Thomas is laconic when people leave him alone, and fast with snappy rejoinders when they don't. Vaughn lends the character a soulful stoicism that brightens only when he's talking to his wife about their child. A narcotics courier with a working moral compass, Thomas is ultimately arrested when, during a shootout, he turns on his violent partners to save the lives of the police.
But once he's locked up in a medium-security prison, the leader of a Mexican cartel kidnaps his pregnant wife (Jennifer Carpenter) and orders him to kill a prisoner in a separate maximum security prison -- so Thomas, a man Zahler showed earlier ripping a car apart with his hands, begins assaulting guards in order to get transferred.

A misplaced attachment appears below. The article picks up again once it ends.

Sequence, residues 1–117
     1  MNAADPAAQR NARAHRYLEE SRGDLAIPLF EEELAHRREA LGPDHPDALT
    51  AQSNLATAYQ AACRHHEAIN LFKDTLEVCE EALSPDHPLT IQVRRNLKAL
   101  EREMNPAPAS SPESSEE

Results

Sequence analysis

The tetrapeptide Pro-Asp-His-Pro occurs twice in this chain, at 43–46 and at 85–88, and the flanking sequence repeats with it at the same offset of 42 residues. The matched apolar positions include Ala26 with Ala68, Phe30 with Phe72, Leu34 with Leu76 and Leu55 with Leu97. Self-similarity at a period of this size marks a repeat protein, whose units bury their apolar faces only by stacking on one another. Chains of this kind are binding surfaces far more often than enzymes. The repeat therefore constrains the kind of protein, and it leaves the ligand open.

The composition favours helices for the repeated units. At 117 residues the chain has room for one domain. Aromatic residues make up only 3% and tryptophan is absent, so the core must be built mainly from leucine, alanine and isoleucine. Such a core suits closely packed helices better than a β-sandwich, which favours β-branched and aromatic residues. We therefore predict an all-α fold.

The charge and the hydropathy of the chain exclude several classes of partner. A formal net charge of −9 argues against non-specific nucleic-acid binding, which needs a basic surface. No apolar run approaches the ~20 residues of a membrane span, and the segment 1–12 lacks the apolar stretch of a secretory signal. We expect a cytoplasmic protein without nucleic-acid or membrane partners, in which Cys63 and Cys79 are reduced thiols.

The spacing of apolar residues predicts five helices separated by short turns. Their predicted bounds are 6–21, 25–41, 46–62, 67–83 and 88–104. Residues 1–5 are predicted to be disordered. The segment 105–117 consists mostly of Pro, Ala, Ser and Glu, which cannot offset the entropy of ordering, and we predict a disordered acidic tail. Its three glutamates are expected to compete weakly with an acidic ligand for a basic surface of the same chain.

Cell block 99 itself is a cartoonishly grim prison sub-basement with broken glass-strewn floors where prisoners are tortured with electrified belts by a villainous, black-clad warden (Don Johnson). The director's storytelling sensibility recalls gritty, right-wing crime thrillers of the 1970s like Death Wish and Dirty Harry, revenge-driven narratives with high body counts. But Zahler approaches the violence as a horror director, crunching bones, smashing brains and ripping faces from skulls; it's definitely a memorable climax for a lengthy series of conversations.